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Prefrontal cortex

Dopamine double rules

Executive function involves the implementation of and switching between abstract rules, and is represented by activity in the prefrontal cortex (PFC). Prefrontal dopamine is important for spatial memory and for learning association rules; however, it is not clear whether dopamine signalling influences rule-guided decision-making in executive function. In a recent study, Nieder and colleagues reveal that the dopamine receptor subtypes 1 and 2 (D1Rs and D2Rs) in rhesus monkeys both contribute to executive function, although in different ways.

The authors trained two monkeys on a numerical rule-switching task, in which the animals had to apply different rules depending on the cues presented. Specifically, the monkeys were shown a 'sample' image, comprising an arrangement of dots, and then a cue (for example, a red or blue circle) that indicated which rule the monkey was to apply upon seeing a subsequently presented 'test' image, also comprising an arrangement of dots. The cues represented either a 'greater than' rule — which required the monkey to respond by releasing a lever if there were more dots in the test than in the sample image — or a 'less than' rule, which required the same response, but only if the test image contained fewer dots than the sample image. This task tests abstract-rule encoding, as well as executive flexibility (to switch between rule-based motor plans).

Credit: Jennie Vallis /NPG

During the task, the authors recorded the activity from 384 PFC neurons across the two monkeys. The D1R agonist SKF81297, the D1R antagonist SCH23390 or the D2R agonist quinpirole was iontophoretically applied to the recording site during the task to investigate the separate contributions of PFC D1Rs and D2Rs to executive functioning.

however, D1Rs and D2Rs modulated rule-selectivity in distinct ways

The authors identified PFC neurons that showed 'rule-selectivity' — that is, neurons that exhibited higher spike rates in response to one of the rules, but not for any particular quantity of dots in the sample images or rule-cue modality. Thirty PFC neurons were selective for the 'greater than' rule, and thirty-four were selective for the 'less than' rule. When applied to the PFC, the D1R agonist and the D2R agonist increased the rule-selectivity of these neurons: the difference between the spike rates elicited by the preferred rule versus the non-preferred rule was wider. By contrast, the D1R antagonist diminished rule selectivity in these neurons. Intriguingly, however, D1Rs and D2Rs modulated rule-selectivity in distinct ways. Whereas D1R-specific stimulation led to enhanced neuronal activity in response to the preferred rule (without modulating responses to the non-preferred rule), D2R-specific stimulation suppressed neuronal responses to the non-preferred rule (but did not affect responses to the preferred rule).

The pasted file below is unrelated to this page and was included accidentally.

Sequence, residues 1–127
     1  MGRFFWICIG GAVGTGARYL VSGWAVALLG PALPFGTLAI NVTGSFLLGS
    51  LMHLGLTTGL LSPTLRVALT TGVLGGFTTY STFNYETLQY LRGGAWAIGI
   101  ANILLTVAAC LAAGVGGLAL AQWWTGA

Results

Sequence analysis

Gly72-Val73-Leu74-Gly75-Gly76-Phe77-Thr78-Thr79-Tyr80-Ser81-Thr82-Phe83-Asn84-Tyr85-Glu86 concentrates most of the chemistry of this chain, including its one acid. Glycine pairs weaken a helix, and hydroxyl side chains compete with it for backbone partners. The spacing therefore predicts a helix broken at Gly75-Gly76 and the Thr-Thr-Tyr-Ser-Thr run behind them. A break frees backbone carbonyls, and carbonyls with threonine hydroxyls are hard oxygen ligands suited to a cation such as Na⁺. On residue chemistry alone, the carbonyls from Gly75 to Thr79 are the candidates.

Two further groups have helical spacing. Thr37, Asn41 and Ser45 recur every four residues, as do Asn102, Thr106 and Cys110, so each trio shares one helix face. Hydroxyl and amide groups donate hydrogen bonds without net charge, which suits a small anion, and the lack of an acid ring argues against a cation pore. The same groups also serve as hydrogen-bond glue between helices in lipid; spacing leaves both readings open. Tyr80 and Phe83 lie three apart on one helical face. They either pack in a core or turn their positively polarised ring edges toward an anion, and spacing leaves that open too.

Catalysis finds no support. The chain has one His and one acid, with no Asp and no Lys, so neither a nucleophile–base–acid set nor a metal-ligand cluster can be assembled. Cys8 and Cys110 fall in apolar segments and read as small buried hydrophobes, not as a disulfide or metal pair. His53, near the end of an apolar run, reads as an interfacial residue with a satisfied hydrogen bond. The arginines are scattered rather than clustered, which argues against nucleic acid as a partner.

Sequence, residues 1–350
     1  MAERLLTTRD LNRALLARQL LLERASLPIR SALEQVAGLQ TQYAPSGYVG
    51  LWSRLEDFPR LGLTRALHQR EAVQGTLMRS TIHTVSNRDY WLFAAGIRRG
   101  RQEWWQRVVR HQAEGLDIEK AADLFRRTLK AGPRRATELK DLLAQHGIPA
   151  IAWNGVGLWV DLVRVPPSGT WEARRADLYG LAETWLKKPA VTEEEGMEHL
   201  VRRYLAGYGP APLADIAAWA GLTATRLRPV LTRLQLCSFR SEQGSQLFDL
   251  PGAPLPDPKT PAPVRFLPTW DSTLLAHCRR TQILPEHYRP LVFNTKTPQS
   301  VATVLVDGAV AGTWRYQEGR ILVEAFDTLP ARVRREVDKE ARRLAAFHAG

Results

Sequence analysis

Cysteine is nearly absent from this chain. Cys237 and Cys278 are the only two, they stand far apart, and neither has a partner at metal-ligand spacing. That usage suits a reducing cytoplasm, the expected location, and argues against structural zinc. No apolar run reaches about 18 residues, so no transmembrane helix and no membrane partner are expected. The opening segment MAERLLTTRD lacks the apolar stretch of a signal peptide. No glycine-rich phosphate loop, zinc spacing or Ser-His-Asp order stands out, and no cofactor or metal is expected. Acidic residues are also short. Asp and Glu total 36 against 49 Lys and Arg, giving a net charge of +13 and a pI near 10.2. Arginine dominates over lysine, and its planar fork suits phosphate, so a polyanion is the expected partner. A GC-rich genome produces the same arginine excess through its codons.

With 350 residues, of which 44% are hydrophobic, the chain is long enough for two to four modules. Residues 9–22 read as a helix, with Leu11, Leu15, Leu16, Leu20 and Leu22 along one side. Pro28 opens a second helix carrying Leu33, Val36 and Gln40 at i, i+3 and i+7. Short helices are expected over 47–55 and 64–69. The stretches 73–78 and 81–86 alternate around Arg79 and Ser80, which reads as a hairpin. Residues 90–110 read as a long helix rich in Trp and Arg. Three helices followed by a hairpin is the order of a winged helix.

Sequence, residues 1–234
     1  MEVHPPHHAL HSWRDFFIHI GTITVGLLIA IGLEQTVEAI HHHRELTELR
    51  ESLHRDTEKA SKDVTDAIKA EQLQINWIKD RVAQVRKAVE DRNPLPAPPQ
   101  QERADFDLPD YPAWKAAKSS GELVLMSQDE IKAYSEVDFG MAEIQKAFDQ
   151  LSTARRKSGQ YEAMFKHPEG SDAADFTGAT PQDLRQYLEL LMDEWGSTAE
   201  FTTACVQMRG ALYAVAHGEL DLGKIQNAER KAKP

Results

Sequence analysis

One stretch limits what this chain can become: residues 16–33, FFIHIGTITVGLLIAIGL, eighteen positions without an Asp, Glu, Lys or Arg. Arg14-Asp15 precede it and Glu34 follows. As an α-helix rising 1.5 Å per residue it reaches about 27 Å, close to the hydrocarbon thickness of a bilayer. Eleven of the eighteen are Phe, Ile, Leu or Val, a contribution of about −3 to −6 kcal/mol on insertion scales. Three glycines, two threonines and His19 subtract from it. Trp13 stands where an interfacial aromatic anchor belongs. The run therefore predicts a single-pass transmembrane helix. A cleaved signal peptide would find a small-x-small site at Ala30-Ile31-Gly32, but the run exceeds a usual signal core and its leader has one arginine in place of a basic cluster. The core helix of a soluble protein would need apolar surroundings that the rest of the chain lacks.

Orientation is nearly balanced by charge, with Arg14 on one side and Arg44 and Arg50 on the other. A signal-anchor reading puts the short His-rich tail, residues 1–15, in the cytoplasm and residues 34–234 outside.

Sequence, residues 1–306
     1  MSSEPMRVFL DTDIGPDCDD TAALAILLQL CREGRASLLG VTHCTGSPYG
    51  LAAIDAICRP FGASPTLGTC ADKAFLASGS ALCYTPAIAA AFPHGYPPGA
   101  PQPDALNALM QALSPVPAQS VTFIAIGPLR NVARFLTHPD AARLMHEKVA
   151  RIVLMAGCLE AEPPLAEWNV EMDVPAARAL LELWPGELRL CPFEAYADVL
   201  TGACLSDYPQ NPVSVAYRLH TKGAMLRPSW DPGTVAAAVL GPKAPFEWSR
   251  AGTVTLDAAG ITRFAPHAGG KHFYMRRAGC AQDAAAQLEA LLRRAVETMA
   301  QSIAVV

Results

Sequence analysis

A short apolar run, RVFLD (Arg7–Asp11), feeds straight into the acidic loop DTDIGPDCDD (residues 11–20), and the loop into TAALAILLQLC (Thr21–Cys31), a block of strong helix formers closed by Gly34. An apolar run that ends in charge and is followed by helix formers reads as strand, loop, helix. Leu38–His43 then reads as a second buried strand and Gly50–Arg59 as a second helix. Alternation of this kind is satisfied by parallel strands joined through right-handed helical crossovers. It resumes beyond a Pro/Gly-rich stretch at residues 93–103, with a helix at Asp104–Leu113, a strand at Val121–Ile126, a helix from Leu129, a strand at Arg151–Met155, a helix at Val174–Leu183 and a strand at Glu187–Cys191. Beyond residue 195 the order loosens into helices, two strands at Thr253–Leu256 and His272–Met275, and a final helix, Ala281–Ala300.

Together, these results show that D1Rs and D2Rs in the PFC contribute to rule-based executive function, and that they do so through different but complementary effects.


  1. Ott, T. et al. Dopamine receptors differentially enhance rule coding in primate prefrontal cortex neurons. Neuron (2014)

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Bray, N. Dopamine double rules. Nat Rev Neurosci 16, 68 (2015).

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